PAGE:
Cairo meeting boosts Welby
THE ARCHBISHOP of Canterbury has bolstered his wavering support from overseas church leaders following a closed-door meeting last week in Cairo with Asian, African and South American archbishops.
The day after the House of Bishops approved its Pastoral Guidance on Same-Sex Marriage, the Most Rev Justin Welby met in private with the steering committee of the Global South Primates at All Saints Cathedral in Cairo to explain the Church of England’s stance on same-sex marriage and the blessing of same-sex unions.
Accompanied by his director of reconciliation, Canon David Porter, Mr Welby alleviated fears the Church of England would be changing its teaching on the morality of homosexual practice by permitting the blessing of samesex unions and allowing married gay clergy amongst its ranks. The archbishops of Nigeria, Kenya and Uganda had publicly WARNED the archbishop in recent months that they were prepared to break with Canterbury should the Church of England follow the British government’s lead on gay marriage.
Sources tell The Church of England Newspaper that while the overseas primates did not relent in their demands that Archbishop Welby take action to discipline the Episcopal Church of the USA, they were pleased with the Bishops’ Pastoral Guidance and applauded the course taken by the Church of England and in a statement released on 20 February applauded the “faithfulness of the Church of England in this regard is a great encouragement to our Provinces, and indeed the rest of the Communion, especially those facing hardships and wars.”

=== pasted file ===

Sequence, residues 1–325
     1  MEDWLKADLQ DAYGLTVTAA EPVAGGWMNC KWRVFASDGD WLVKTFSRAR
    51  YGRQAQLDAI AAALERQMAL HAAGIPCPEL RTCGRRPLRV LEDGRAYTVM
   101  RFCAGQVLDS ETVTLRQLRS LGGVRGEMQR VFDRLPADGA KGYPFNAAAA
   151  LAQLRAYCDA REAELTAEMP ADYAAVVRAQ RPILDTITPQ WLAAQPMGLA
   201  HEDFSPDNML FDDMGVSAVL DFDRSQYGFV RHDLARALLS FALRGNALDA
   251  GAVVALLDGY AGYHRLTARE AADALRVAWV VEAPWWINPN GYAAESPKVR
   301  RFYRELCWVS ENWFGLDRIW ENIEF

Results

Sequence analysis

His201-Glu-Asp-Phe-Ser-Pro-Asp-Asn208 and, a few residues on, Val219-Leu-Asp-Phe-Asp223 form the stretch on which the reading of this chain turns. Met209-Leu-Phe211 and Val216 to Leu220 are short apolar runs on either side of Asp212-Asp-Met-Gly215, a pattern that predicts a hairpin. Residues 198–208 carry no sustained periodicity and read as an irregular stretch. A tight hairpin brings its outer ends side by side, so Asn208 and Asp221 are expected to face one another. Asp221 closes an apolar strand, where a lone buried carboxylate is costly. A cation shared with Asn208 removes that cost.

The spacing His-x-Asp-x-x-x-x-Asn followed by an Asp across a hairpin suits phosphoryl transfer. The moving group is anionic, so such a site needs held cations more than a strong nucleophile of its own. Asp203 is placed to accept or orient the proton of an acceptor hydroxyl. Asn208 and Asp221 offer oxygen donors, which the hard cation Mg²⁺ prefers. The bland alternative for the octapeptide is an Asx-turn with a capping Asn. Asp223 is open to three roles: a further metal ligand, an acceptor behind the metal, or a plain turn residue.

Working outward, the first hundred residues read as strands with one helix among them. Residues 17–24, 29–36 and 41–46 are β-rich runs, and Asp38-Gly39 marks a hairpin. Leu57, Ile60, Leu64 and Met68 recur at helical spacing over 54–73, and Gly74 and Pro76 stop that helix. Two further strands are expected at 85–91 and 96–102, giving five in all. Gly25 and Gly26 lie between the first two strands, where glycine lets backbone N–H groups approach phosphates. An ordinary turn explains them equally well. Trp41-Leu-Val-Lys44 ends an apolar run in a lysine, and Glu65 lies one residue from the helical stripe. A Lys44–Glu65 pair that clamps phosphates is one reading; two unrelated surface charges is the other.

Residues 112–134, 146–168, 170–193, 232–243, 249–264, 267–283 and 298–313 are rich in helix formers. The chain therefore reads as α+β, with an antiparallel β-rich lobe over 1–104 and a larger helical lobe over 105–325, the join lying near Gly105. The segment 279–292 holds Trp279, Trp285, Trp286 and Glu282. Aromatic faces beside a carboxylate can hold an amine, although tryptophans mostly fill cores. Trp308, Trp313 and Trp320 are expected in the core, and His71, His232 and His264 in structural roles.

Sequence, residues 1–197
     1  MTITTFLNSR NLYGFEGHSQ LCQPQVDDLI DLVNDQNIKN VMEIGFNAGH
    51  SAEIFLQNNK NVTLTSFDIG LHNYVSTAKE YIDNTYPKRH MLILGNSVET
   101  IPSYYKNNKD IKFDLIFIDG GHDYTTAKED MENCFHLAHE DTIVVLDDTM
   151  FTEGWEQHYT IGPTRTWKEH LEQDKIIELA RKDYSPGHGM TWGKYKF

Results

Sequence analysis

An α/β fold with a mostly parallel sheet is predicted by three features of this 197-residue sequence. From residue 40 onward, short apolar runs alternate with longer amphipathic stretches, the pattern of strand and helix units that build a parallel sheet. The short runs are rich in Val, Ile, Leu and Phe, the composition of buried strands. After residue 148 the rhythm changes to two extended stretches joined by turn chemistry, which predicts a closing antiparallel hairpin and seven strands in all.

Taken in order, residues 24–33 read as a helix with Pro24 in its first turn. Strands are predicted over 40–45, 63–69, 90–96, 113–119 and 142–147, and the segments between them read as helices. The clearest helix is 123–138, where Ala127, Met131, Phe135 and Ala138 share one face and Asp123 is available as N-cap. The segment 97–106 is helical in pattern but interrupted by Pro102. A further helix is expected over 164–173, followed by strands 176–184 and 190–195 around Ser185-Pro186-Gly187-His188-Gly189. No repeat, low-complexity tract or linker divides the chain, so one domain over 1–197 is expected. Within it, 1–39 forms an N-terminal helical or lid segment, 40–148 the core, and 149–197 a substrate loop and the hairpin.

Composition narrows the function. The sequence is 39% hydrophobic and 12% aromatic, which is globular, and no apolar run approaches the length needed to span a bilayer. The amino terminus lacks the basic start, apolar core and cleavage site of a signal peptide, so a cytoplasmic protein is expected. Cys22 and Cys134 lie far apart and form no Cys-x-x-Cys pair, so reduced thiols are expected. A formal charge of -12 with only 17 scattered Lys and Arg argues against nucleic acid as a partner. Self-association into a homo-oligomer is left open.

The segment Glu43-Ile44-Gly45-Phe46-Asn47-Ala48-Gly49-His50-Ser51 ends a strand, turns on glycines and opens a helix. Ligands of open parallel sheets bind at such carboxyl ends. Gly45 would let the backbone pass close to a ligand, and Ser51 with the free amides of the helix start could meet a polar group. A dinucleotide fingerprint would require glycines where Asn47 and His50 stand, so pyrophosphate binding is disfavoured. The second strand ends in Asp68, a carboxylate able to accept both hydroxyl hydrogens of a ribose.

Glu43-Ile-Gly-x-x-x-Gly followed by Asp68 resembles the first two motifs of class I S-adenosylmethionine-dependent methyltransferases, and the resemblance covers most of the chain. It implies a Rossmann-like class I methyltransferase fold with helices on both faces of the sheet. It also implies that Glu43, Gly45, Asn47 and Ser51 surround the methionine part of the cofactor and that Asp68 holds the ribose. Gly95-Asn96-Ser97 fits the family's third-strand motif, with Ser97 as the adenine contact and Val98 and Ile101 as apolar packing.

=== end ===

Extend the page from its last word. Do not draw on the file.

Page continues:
The statement, which received the backing of all but the Church of Nigeria who abstained, withdraws pressure on Mr Welby from the spectre of the Anglican Mission in England – the shadow organization backed by the 2013 Gafcon meeting in Nairobi to support traditionalists should the Church of England slide into chaos.
The 14-15 February meeting was conducted in secrecy. Queried by the CEN as to the archbishop’s activities when Justin Welby was spotted on the ground in Africa, Lambeth Palace declined to answer. A spokesman for the archbishop later confirmed the Archbishop had visited Cairo at the invitation of the Bishop of Egypt Dr Mouneer Anis to “hear from the Global South Steering Committee.”
However, the Lambeth Palace spokesman said this meeting was not out of the ordinary as “he is visiting all the Primates of the Anglican Communion to listen to their perspectives.”
In its statement the Global South group welcomed the “frank discussion, open sharing, and spirit of unity among us. We are also encouraged by the Archbishop of Canterbury’s emphases on renewal, mission and evangelism within the Church of England and the rest of the Anglican Communion.”
However they asked Archbishop Welby to convene a Primates’ Meeting in 2015, but at this meeting they requested the agenda focus on the “deteriorating situation facing the Communion.”
The Anglican Communion was not working, they said, and was “currently suffering from broken relations, a lack of trust, and dysfunctional ‘instruments of unity’.”
“We realize that the time has come to address the ecclesial deficit, the mutual accountability and re-shaping the instruments of unity by following through the recommendations mentioned in the Windsor Report (2004), the Primates Meetings in Dromantine (2005) and Dar es Salam (2007), and the Windsor Continuation Group report,” the Global South leaders said.